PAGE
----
“The Oval Office Tapes” will be released via Cadence13, the podcasting network that counts Goop, Recode, and Vanity Fair among its podcasting partners. The company hopes that the venture will be the first of many such partnerships with Blumhouse. At a time when podcasts such as “Crime Town” and “Comedy Bang Bang” have gone viral and roughly 67 million Americans consume at least one podcast a month, Cadence13 is trying to stand out from the pact by offering higher class production values and aligning themselves with household names.
“From our standpoint as a premium focused network it’s very attractive to be aligned with one of the hottest production houses in Hollywood,” said Chris Corcoran, Cadence13′ chief content officer. “The finish project will speak for itself, but I think this is going to redefine the podcasting landscape.”
Casting is currently underway and the show’s backers say the material will not be satiric. It will presented in a straight-forward fashion, much in the style of “The West Wing.” Nor will it have an overt political message.
“This will be an authentic dramatization of what might be going on,” said Wiseman. “People can draw their own conclusions about whether or not these folks should continue to be running the country. We have a point of view, but that will not be front and center.”
To fashion the story and find the right tone, Cutler and his team have been devouring hours of tapes recorded by Lyndon Johnson and Richard Nixon (we all know how that turned out!). They’ve already mocked up scripts based on previous scandal-filled Trump weeks, such as that time the president threatened to rein down “fire and fury” on North Korea.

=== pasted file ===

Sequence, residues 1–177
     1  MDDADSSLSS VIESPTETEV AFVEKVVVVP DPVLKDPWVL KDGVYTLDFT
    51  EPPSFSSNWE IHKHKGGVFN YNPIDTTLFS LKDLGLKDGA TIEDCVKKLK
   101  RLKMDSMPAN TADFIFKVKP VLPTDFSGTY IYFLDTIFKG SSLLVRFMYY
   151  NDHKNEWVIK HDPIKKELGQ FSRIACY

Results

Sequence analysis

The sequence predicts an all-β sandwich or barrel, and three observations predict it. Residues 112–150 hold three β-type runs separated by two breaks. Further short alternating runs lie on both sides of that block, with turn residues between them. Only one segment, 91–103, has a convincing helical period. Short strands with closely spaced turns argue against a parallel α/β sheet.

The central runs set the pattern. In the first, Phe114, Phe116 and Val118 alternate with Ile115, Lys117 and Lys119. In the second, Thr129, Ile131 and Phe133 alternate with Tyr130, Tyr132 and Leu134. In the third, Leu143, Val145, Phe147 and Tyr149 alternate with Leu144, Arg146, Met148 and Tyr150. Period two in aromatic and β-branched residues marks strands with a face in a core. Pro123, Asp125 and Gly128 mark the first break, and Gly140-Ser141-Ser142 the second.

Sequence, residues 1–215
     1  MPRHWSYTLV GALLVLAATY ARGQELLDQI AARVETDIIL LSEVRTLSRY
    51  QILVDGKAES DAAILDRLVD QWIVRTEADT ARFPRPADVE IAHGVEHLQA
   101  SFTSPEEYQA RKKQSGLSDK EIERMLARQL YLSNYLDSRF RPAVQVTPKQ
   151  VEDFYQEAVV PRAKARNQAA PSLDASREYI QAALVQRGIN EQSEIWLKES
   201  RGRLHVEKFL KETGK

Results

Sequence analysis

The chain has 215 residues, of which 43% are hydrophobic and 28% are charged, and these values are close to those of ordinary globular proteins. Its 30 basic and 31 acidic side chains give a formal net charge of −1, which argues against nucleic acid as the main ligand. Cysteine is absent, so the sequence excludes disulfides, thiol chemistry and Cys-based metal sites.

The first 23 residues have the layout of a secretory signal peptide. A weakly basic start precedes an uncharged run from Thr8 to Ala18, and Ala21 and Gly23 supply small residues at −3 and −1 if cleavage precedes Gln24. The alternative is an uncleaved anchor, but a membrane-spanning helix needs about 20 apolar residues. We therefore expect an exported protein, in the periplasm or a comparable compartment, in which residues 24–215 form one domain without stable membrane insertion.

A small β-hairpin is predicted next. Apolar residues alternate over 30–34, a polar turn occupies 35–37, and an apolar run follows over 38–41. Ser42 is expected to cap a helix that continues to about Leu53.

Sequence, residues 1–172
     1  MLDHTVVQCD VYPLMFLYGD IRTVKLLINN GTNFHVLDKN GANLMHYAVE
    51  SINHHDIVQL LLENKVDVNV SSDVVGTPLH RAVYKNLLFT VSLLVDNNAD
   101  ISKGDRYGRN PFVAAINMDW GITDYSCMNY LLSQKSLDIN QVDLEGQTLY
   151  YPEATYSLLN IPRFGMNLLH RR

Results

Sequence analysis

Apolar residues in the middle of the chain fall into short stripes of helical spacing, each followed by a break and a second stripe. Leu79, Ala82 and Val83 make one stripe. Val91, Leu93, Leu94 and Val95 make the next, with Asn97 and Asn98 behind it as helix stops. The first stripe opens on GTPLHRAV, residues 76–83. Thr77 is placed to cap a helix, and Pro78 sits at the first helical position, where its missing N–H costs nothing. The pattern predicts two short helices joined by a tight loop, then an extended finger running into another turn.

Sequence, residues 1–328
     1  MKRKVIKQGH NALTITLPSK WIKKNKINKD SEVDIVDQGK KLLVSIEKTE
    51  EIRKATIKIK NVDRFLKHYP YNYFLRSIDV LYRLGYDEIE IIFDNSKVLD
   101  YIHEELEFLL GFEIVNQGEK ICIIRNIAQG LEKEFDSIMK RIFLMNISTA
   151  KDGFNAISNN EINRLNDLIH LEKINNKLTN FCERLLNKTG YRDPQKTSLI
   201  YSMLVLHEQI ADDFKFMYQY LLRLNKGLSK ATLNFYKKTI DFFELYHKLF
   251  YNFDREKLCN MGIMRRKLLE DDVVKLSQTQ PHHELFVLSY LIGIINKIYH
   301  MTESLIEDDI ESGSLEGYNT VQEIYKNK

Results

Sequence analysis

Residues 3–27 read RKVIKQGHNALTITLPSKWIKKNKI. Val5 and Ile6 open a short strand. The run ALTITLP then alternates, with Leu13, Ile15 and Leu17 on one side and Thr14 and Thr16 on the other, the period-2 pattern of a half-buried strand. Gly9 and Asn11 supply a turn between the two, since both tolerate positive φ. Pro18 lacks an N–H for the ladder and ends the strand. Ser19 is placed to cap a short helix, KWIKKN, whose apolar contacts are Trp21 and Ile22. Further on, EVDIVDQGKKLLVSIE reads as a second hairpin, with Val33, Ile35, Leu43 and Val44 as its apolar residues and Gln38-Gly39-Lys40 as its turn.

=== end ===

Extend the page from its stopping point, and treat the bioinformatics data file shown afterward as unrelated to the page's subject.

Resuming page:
“This White House is operating at a level that’s almost beyond belief,” said Cutler. “Its behavior is startling, shocking, and unprecedented and it’s all happening on a daily basis.”
As a filmmaker, Cutler has impressed audiences with his ability to gain access to the seats of power and to document the American political system in action. “The War Room,” for instance, provided an insider account of how Bill Clinton’s campaign deftly snuffed out controversies and drove the news cycle, outmaneuvering George H.W. Bush’s camp en route to an upset victory. It was an impressive feat of reporting.
Once again, Cutler has surrounded himself with collaborators with journalistic chops. Scott Conroy, a reporter and the author of “Sarah From Alaska,” will serve as show runner and will co-write the episodes. Conroy also has worked as a screenwriter, having created and run the Verizon Go90 series “Embeds.”
Producer Trevor Smith, and Mary Lisio, EVP Alternative and Non-Scripted Programming at Blumhouse Television, previously worked with Cutler at the director’s label Actual Reality Pictures. Chris Dickie, VP of Development at Blumhouse Television will also oversee the project.
Cutler seems alternately excited and horrified by the chaos and spectacle engulfing Washington. As a storyteller he seems to relish the drama unfolding. As a citizen he’s concerned.
“We can sense history playing out before our very eyes,” said Cutler. “We’re not at the beginning of the story and we’re not at the end. We’re somewhere in the middle. It’s clear that whether Donald Trump’s term ends in 2020 or continues for six more years, his presidency will have changed the definition of America.”